“It’s essential that these lab buildings have exactly what office buildings they need. Great amenities, they need great infrastructure, they need landlords that understand the business,” Isaacs added. “Five years ago, we didn’t have these sophisticated landlords.”
There is about 459,000 square feet of lab and research and development space for three projects under construction in the city, with none pre-leased, that will be available for firms in the future. —Jacqueline Neber
Hochul grants $22M to substance use treatment providers and organizations
Gov. Kathy Hochul announced $22 million in grants for substance use treatment providers and community organizations across the state on Friday to fund programs that provide addiction recovery, harm reduction and social support services.
The funding will be administered by the Office of Addiction Services and Supports, and comes from the state’s opioid settlement funds.
More than $12 million in funding will support Recovery Community and Outreach Centers, which are non-clinical facilities that provide peer support to people in recovery from substance use disorders. The administration granted money to more than two dozen centers across the state, all of which have an operating budget under $535,000, to raise their budgets to that amount for two years.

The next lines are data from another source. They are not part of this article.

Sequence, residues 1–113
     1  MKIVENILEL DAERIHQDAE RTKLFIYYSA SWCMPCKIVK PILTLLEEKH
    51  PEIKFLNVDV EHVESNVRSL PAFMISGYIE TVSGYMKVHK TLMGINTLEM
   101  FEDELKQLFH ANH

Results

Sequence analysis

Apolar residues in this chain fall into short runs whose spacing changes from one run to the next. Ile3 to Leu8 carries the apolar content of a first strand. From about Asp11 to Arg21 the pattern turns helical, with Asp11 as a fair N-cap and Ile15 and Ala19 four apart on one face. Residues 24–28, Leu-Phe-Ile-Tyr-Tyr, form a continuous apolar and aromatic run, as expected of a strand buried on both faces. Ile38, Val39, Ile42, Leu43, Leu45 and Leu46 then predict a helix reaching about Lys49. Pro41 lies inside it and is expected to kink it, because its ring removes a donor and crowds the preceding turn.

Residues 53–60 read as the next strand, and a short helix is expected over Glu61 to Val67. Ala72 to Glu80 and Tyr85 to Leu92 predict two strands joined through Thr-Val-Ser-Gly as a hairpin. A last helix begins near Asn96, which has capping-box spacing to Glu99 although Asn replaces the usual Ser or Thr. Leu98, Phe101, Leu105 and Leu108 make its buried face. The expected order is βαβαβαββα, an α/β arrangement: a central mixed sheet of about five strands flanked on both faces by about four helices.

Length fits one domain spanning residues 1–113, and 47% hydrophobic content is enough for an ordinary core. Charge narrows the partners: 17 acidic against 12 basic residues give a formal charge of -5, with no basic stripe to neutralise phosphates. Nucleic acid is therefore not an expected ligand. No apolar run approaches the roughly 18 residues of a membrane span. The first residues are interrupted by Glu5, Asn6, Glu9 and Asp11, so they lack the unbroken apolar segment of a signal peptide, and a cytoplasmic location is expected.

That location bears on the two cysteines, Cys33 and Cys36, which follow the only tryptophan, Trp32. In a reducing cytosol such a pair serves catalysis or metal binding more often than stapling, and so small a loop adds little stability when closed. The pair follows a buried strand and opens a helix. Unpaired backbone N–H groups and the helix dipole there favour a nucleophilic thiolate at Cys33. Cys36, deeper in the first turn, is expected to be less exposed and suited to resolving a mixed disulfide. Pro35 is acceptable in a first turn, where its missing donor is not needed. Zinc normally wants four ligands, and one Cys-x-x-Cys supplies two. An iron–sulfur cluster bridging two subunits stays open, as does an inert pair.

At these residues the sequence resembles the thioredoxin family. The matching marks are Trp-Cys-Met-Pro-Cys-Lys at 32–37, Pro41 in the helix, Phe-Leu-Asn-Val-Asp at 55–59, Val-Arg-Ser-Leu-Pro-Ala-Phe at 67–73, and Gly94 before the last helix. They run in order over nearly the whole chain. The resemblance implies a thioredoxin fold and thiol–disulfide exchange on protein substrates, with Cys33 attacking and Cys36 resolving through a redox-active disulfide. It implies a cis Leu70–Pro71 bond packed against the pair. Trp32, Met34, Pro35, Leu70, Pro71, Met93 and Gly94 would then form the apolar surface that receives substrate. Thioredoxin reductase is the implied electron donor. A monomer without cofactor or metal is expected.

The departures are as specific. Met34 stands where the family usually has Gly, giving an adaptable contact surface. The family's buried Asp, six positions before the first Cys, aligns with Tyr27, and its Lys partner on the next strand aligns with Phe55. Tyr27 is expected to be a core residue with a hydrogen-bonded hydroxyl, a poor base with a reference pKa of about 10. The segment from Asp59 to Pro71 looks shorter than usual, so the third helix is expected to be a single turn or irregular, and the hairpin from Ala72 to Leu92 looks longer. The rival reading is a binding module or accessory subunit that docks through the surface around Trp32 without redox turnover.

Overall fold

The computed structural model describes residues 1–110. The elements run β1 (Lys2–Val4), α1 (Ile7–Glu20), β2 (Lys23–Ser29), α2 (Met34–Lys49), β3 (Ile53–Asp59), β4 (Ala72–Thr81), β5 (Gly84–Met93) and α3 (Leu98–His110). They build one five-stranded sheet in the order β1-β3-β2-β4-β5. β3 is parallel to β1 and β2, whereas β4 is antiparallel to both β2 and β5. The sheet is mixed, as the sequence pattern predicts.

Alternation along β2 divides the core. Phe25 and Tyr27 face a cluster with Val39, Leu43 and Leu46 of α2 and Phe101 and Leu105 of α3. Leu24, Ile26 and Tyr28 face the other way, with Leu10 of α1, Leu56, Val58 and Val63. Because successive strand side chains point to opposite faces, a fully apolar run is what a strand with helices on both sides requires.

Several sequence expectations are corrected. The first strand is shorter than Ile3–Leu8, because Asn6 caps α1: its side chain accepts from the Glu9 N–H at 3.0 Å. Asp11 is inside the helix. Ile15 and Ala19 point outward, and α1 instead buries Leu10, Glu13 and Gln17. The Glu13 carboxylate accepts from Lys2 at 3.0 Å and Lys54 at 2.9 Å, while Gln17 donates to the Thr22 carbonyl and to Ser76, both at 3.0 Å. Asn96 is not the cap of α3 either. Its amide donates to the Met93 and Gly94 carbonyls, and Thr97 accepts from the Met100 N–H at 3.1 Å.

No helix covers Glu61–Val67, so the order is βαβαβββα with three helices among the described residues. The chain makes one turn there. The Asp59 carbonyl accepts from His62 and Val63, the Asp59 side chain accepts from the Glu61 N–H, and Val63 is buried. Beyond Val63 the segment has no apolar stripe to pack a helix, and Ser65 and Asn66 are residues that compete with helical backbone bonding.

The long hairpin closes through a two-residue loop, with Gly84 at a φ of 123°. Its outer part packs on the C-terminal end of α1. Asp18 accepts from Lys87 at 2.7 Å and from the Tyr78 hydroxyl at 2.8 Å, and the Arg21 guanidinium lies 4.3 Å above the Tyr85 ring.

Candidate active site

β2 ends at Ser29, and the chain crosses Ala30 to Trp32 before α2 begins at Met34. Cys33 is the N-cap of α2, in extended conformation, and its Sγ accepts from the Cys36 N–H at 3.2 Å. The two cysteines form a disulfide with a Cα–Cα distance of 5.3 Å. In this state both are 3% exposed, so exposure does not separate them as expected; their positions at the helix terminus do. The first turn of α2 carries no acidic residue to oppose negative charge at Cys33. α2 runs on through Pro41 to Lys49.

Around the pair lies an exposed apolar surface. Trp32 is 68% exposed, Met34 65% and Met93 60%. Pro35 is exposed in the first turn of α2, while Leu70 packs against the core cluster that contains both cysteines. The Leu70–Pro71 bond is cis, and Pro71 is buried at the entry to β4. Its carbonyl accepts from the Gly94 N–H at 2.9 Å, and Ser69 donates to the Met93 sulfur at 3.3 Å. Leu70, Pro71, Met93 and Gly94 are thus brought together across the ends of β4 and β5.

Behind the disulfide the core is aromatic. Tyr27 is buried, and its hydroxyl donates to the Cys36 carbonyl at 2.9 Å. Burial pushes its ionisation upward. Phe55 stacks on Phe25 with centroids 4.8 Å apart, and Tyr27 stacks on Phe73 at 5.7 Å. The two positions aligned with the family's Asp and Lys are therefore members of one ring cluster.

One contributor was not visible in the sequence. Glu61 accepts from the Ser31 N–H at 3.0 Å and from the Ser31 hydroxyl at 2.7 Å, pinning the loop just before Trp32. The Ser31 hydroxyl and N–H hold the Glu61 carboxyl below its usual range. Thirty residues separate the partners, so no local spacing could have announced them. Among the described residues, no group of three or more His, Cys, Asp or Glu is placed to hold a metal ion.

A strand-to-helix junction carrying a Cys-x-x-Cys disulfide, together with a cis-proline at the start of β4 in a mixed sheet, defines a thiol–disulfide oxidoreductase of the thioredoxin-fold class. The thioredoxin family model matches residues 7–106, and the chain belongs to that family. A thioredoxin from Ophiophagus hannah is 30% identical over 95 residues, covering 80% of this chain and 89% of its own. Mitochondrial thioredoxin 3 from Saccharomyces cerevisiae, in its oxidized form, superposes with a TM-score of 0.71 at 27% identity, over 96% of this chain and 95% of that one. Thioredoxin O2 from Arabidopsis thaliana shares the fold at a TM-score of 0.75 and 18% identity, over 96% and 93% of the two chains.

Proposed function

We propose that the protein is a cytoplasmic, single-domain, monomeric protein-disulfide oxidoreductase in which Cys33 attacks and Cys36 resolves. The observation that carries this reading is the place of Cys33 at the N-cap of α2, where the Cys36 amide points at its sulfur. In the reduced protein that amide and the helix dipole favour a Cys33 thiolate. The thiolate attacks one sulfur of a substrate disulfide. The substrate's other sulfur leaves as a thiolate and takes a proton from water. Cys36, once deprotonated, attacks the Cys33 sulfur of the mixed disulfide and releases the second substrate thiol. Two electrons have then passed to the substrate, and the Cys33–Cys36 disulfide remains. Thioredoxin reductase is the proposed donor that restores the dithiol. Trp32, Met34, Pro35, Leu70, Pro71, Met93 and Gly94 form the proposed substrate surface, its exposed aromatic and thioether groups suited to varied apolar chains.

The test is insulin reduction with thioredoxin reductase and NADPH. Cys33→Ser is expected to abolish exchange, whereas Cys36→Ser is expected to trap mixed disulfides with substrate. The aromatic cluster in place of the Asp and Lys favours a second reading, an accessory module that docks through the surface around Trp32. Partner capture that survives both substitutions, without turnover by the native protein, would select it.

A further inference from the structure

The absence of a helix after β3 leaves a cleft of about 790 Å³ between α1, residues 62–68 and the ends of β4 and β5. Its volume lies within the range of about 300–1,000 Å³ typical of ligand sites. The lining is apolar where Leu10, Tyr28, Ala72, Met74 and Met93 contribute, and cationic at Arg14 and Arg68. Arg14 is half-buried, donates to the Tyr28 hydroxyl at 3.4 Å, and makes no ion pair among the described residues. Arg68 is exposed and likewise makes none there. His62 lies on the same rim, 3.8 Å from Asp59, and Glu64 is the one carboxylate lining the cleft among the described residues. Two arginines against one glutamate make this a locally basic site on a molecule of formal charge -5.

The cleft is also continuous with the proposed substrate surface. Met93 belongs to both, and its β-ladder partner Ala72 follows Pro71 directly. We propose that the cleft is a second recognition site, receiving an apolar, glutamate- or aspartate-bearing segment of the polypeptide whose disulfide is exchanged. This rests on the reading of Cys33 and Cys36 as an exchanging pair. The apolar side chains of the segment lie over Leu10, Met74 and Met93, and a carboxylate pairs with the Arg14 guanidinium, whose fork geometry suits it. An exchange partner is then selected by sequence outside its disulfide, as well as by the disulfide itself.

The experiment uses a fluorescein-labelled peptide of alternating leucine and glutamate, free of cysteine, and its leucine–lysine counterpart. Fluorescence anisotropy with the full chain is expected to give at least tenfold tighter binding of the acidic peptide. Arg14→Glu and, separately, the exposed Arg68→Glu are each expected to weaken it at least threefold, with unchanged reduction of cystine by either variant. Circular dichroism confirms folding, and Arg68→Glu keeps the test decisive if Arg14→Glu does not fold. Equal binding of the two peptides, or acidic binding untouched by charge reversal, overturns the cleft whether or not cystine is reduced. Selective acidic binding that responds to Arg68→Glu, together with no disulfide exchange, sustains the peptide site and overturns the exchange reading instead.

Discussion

Additionally, $6.6 million will go towards the state’s “Connections to Care” program, which connects people in priority populations to long-term addiction recovery care. Eleven providers will each receive $200,000 a year for three years to serve communities including pregnant and postpartum people, youth, older New Yorkers and people who were formerly incarcerated.
The administration also provided funds to support the development of community prevention coalitions, groups that aim to address opioid, fentanyl and prescription drug misuse. The coalitions mitigate misuse through several initiatives, such as distributing drug destruction kits and medication lock boxes to at-risk groups, and educating communities on risks of substance use and treatment. Each of the coalitions—based in the counties of Ulster, Dutchess, Greene, Sullivan and Chautauqua—will receive up to $200,000 annually for four years.
New York state will receive more than $2.5 billion in opioid settlement funds in the coming years. —Amanda D’Ambrosio
Columbia Nursing receives $5M to research Black women’s health
The National Institutes of Health awarded Columbia Nursing $5 million towards research focused on preterm birth in Black pregnancies.
One of the studies will explore the impact of music intervention on stress during pregnancy and the other will look into racism’s effects on gene expression.
Elizabeth Corwin, Ph.D, the vice dean of strategic and innovative research at Columbia Nursing, located in Washington Heights, received $3.4 million from the National Institute on Minority Health and Health Disparities for a five-year study that will test whether a 10-week live music intervention can reduce stress and the risk of preterm birth in pregnant Black women. The trial represents the first-ever randomized controlled trial of a live music intervention to improve birth outcomes among Black women.
“All the research that has gone into preterm birth, especially among Black women, has not worked,” Corwin said. “It has remained stubbornly high for decades and it doesn’t seem to be getting better, so we’re trying something new.”